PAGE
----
MOONEY: Well, they were only able to say that it seems like it's coming from east Asia, and they were able to say that because some of the atmospheric measurements are taken in Hawaii, Mauna Loa Observatory, which is sort of famous because that's where they also measure atmospheric carbon dioxide. And essentially they were finding concentrations of CFC-11 mixed in with other gases that they said were characteristic of an east Asian source.
CURWOOD: So, I'm looking at a map of east Asia. The biggest country there is China.
MOONEY: Yes. And for population and for industry, etcetera, they're much larger. So, first of all, you would expect there to be existing… – you know, as I said, not all CFC-containing substances have been destroyed or retired, etcetera. There are some that still could be broken down, recycled, put in a landfill, lead to emissions. You would expect most of those probably to be in the biggest country too. But scientists don't think that it's just the retirement of old appliances and old buildings that is leading to this.
CURWOOD: So, the use of these chemicals is not permitted under the Montreal Protocol and the various things that have been added to it. What's taking place in terms of enforcement to minimize this type of problem?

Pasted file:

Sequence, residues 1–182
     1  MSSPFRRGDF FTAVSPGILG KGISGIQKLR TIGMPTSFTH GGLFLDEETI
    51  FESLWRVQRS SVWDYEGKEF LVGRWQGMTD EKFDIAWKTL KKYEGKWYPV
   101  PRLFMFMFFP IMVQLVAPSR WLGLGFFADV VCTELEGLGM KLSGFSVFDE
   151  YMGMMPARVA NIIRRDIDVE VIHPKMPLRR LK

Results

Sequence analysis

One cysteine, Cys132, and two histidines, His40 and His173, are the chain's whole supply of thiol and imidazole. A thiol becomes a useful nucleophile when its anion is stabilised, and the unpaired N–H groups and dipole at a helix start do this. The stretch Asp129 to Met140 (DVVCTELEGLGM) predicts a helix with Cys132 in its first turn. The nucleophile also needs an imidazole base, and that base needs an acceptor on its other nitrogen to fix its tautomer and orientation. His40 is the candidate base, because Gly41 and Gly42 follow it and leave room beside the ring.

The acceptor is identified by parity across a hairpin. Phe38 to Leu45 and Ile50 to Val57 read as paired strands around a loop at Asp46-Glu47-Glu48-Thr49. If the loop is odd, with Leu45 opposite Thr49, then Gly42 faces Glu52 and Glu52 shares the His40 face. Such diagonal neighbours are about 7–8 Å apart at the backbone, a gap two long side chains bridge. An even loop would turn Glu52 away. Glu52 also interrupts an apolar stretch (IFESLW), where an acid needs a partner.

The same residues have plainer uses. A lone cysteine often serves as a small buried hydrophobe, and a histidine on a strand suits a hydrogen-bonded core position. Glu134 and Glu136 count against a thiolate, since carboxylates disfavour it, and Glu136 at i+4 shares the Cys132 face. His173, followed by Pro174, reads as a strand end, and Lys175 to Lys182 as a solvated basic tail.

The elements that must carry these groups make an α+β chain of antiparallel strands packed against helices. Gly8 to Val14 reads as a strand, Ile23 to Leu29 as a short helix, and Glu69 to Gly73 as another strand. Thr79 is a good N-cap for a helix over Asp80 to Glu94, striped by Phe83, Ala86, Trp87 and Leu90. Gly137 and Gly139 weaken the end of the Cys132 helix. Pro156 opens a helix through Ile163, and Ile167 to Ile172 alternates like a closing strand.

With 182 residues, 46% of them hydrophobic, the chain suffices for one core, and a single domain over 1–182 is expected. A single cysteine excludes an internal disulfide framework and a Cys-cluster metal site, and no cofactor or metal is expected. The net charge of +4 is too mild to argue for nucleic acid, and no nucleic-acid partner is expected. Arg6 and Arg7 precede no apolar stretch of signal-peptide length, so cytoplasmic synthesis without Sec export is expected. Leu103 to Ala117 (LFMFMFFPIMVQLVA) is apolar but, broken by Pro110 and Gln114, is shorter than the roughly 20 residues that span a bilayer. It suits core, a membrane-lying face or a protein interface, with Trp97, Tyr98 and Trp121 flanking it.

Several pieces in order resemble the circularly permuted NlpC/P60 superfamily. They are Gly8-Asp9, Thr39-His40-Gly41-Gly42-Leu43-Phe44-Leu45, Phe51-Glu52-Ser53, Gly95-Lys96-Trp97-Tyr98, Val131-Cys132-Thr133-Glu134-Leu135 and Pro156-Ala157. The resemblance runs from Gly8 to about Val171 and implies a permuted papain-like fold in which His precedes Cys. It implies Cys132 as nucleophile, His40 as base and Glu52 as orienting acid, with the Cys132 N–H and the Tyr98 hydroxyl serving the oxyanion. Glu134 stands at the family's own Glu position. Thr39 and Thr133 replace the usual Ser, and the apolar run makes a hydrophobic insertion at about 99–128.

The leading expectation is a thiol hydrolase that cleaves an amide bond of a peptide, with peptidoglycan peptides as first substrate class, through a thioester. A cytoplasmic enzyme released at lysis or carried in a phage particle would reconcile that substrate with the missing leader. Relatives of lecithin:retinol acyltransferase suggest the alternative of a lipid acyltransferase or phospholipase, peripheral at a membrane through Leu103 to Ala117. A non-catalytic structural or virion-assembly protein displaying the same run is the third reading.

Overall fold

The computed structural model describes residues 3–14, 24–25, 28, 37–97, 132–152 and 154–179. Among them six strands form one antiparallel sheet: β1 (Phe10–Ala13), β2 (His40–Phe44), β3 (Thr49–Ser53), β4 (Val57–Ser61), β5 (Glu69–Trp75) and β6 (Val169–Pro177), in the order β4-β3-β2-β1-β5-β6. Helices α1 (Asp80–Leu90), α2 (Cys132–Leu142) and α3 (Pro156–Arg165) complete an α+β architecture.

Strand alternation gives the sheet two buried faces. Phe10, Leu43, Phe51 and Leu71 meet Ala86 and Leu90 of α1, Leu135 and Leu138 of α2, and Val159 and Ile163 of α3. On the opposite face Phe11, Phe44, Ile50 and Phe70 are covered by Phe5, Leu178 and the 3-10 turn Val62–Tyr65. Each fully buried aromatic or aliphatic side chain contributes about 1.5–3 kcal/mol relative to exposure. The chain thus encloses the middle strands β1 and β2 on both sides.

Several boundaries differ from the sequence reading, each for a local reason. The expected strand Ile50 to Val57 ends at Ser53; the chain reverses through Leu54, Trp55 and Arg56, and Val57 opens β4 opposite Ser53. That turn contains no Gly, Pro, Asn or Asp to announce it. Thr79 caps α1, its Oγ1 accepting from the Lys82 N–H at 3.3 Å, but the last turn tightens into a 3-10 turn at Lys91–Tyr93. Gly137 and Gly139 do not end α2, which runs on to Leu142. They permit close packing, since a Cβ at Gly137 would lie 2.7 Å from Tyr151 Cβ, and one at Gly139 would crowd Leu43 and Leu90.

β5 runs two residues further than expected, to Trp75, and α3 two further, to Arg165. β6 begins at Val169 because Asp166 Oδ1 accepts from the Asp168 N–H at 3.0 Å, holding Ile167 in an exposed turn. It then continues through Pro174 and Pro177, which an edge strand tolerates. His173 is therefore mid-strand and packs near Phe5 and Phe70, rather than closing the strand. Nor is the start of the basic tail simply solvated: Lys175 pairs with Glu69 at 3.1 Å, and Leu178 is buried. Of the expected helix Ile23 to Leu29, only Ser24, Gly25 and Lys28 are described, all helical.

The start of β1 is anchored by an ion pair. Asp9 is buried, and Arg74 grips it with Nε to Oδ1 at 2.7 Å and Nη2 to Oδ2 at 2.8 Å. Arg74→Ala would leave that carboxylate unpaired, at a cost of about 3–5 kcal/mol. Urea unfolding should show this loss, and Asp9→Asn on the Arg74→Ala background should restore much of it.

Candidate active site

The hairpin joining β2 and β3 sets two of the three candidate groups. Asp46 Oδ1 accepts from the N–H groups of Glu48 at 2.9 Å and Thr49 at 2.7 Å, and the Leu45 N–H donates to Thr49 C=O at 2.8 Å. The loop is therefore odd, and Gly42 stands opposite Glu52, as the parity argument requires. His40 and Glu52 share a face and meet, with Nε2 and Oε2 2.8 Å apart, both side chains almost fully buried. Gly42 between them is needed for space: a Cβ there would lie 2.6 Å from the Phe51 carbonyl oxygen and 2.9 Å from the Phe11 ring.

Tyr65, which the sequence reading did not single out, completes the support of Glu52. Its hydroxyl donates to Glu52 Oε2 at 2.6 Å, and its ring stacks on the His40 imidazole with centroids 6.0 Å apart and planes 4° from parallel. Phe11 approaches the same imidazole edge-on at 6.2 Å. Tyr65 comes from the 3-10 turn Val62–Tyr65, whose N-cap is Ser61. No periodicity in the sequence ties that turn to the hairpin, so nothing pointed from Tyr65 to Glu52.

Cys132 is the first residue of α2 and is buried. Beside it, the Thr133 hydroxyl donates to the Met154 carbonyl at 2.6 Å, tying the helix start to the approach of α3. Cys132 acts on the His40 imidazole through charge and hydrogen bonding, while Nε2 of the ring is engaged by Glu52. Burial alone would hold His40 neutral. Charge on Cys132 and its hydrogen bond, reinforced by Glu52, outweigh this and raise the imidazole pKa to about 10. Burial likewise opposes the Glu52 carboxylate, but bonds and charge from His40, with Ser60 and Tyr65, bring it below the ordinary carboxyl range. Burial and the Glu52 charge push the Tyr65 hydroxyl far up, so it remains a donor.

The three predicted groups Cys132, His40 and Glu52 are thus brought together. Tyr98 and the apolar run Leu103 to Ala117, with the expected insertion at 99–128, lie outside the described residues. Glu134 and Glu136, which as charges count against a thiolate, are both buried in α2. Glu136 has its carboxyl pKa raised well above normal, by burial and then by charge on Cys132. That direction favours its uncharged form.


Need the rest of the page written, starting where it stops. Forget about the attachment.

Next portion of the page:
MOONEY: Well, I think the first thing that happens is that the scientific panel of the ozone treaty – the Montreal Protocol, which is implemented by the United Nations Environment Agency – is going to be vetting this very closely. And then the question is, what do they do if they find a source? Without a source, there's no enforcement, so they have to do still more data gathering first. And if they find a source of new emissions, then I think it really becomes a diplomatic question, and officially, countries are not… nobody’s reporting this production. So, what would happen if this production is occurring in some country that's not reporting it? Presumably it would not be something that the country actually wants to happen – that's a presumption – but it's something that's happening outside of their control. And so all the other countries would lean pretty heavily on that country to make it stop.